Turning 50 definitely puts perspective on the reality of mid-life and the fact a hill does indeed exist. While I like to think I’m standing dead center on top of that hill, those ahead of me contend I shot right past the top and am now officially “over the hill.”
That’s OK, I’m still ready to embrace the rest of the second half and round out the third quarter with even more gusto — and no regrets.
After all, climbing up a hill should be harder than strolling back down, even with the slips and stumbles that come from the momentum gained on the descent. So, let’s go for it.
Reflecting back across the decades, I recently realized a few life lessons I’ve learned along the way that helped mold the current version of this particular redhead.
And being a redhead is what led to one of my early ah-ha moments.
First decade of life (0 to 9 years old) — I realized each of us as individuals has value and offers something special to the world.
It would be later that I truly comprehended how each of us is made in God’s image (Gen. 1:27), but as an elementary school child I could have easily withdrawn into a shell because of my hair color.
The red hair and freckles combo automatically means you stand out in a crowd, and children tend to prefer similarities with those around them, which means they can pick on those who are different.
I was blessed with multiple layers of family and friends who always made me feel safe, loved and extra special, so I was spared what could have been difficult self-esteem issues.
Once I made it out of the teen years, I quickly embraced the parts that help me stand out, but the childhood experience taught me to be aware of others who might need a little extra support to know his or her value.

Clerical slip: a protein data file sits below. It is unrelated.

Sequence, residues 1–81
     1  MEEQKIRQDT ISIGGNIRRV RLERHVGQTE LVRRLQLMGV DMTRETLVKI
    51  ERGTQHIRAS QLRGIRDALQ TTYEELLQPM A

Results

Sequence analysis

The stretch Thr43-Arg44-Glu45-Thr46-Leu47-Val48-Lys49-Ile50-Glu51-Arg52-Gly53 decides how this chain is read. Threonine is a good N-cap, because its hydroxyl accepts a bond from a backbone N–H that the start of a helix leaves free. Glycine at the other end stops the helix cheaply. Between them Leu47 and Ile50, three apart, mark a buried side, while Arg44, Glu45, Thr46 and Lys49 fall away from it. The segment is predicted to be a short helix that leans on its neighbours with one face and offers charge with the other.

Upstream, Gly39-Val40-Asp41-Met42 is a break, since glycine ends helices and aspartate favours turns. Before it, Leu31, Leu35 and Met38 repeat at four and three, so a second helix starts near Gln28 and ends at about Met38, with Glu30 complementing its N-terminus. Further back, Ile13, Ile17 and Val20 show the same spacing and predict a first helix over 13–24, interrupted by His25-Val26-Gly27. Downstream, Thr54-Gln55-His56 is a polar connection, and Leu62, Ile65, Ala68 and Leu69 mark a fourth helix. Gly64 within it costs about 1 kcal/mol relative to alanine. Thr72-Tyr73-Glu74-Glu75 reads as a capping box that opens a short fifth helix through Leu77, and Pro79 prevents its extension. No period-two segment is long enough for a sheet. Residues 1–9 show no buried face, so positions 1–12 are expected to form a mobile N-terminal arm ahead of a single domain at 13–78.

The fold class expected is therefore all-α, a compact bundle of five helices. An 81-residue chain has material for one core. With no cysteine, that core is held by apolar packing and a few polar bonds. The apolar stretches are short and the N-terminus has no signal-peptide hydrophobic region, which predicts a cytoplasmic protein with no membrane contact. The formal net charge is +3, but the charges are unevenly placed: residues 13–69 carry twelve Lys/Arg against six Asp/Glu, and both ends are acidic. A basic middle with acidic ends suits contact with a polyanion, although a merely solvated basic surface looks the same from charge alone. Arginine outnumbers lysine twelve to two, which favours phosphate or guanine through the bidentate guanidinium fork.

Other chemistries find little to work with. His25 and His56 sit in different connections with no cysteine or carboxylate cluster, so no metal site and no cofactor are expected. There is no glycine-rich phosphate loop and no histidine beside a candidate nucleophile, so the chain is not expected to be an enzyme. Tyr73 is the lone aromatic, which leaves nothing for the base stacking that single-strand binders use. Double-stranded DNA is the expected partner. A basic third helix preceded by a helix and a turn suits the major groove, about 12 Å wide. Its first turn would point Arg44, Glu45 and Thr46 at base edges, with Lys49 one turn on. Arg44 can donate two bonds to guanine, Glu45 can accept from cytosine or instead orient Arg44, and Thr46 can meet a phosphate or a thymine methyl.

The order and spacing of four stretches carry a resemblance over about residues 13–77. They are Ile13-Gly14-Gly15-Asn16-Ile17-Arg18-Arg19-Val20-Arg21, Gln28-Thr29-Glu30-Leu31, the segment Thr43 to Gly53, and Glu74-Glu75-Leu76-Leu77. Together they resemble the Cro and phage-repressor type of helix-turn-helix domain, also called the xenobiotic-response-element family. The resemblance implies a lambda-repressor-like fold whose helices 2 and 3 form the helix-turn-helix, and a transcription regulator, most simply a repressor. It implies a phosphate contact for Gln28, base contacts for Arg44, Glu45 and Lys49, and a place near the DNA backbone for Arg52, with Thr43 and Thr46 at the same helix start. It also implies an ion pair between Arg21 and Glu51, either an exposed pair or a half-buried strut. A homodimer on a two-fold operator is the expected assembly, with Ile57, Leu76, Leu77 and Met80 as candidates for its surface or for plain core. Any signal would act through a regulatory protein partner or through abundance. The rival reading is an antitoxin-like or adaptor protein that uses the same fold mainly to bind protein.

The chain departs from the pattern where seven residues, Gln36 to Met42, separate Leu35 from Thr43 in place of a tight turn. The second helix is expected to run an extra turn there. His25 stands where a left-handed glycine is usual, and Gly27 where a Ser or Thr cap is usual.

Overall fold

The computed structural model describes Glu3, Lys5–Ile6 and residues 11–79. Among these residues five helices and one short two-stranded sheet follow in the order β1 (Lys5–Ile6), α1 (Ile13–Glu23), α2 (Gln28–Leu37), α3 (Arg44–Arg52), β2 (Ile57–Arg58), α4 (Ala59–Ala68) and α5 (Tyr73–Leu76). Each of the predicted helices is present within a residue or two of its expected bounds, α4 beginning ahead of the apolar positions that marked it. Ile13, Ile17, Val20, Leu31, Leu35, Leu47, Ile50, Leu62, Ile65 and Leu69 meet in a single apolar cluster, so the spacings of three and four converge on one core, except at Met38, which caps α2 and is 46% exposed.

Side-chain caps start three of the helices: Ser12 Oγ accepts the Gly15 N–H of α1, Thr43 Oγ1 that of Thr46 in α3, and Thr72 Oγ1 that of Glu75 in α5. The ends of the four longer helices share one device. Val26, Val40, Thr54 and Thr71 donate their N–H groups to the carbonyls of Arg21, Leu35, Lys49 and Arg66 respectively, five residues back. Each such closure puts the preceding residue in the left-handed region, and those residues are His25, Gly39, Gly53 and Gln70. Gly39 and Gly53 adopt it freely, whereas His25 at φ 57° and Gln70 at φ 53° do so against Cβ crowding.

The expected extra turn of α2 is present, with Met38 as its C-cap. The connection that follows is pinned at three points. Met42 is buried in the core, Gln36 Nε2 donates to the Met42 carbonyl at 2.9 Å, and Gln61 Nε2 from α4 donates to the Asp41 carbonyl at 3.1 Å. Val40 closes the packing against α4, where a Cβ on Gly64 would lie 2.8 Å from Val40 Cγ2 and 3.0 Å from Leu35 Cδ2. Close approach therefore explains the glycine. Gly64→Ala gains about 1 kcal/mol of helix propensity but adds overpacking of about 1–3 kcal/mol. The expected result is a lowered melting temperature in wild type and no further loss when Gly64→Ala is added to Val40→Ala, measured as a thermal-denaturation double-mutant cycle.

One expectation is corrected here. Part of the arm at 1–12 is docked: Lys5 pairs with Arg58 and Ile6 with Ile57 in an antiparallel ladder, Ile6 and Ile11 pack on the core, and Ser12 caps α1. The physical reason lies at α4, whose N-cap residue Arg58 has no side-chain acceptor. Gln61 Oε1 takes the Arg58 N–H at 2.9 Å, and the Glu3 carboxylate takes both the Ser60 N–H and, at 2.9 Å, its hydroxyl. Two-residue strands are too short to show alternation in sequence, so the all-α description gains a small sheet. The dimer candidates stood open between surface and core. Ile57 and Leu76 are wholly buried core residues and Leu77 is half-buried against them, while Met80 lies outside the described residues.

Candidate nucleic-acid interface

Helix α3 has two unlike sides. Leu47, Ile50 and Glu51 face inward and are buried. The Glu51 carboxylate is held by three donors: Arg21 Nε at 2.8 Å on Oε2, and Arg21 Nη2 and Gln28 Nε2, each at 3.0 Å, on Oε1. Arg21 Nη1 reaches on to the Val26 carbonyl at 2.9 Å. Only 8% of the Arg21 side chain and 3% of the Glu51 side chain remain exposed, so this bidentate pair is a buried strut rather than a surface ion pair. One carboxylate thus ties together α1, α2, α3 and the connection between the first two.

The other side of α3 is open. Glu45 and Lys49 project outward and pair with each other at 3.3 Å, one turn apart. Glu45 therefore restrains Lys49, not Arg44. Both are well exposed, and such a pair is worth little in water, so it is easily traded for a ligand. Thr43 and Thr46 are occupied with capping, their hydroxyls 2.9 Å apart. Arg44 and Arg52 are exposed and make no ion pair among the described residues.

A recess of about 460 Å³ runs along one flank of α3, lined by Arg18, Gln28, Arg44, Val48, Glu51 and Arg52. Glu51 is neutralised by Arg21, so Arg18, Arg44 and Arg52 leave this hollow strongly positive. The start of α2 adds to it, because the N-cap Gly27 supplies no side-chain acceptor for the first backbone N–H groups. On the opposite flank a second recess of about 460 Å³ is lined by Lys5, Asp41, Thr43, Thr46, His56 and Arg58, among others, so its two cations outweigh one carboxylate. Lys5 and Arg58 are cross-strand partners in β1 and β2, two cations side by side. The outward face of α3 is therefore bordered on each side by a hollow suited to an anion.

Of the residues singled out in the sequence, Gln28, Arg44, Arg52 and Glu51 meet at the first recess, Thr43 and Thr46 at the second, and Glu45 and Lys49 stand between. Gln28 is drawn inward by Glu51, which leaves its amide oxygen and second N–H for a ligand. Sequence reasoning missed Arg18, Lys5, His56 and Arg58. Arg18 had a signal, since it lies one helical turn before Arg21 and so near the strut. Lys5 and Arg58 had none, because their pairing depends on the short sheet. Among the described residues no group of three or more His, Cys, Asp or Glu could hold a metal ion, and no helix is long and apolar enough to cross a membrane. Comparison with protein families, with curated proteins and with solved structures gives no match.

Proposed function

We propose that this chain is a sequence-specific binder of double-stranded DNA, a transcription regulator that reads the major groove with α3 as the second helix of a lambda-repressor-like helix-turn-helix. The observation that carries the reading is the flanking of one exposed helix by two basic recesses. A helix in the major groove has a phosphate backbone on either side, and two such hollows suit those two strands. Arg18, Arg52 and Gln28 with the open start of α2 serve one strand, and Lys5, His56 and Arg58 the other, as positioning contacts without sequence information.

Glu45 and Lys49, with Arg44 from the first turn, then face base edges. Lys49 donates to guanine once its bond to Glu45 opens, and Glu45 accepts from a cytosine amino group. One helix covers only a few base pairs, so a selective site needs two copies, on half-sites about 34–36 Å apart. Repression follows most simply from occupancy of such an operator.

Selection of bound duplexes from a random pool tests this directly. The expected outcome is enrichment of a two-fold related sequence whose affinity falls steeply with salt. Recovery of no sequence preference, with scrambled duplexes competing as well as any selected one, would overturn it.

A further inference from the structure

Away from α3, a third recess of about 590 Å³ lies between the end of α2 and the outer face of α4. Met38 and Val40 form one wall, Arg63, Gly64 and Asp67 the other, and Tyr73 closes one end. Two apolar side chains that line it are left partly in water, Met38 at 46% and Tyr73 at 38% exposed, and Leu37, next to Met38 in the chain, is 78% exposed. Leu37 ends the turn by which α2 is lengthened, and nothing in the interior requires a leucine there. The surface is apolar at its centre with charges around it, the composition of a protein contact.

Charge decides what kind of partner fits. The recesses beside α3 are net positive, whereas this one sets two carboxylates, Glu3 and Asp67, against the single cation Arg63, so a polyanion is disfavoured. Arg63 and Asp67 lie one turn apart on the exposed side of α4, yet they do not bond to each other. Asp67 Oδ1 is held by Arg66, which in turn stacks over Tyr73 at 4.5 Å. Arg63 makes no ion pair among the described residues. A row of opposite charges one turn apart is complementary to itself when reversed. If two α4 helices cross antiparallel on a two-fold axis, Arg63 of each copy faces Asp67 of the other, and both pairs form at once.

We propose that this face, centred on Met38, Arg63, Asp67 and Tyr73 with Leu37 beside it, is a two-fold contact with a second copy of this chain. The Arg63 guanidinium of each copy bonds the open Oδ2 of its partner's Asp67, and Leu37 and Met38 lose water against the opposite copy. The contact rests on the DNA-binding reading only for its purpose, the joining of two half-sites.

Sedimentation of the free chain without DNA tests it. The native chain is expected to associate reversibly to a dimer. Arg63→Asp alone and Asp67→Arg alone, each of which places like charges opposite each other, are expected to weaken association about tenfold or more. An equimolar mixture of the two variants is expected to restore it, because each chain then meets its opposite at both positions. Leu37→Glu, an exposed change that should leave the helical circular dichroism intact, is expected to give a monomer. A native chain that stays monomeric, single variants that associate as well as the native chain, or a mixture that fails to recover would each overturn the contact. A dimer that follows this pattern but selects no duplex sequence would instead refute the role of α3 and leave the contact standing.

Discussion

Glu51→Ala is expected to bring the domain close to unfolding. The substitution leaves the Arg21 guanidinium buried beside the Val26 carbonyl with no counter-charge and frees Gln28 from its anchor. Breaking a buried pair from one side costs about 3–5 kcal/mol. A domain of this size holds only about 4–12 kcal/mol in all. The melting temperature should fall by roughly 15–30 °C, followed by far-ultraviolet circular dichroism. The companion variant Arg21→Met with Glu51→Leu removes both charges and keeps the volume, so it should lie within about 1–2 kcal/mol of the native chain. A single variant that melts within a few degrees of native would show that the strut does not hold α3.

Second decade of life (10 to 19 years old) — This is when I gave my whole heart and life to Christ and committed to serve Him in all that I say and do.
I make mistakes every day and sometimes can be really hard on myself when I do, but clinging to Jesus always carries me through the difficult moments.
Third decade of life (20 to 29 years old) — Wait, what? I really haven’t figured life out by now? How did I miss that?
It was hard to accept at first, but the reality of “the more I learn, the less I know” started in my 20s and has only increased through the years.
Fourth decade (30 to 39 years old) — Reevaluating the pressure we put on ourselves and shifting to an appropriate intensity allows us to strive for excellence in everything we do in a more healthy manner — and enjoy it in the process.
Fifth decade (40 to 49 years old) — People you love and admire will let you down, disappoint you and even hurt you, but they are still worth loving and forgiving.
Some boundaries are essential in certain situations, and we should pray for discernment during those times, but we all still need a little grace and forgiveness along the way.
Now armed with five decades of life experience, I’m ready to apply what I’ve been learning while also continuing to learn new lessons every day.
Thank you for how you help me grow personally and care enough to share with kindness when I make a misstep or cause confusion in some way.
And please know how much you are appreciated. You are the reason we do what we do, and we cherish the opportunity to serve you by serving the Lord through TAB Media.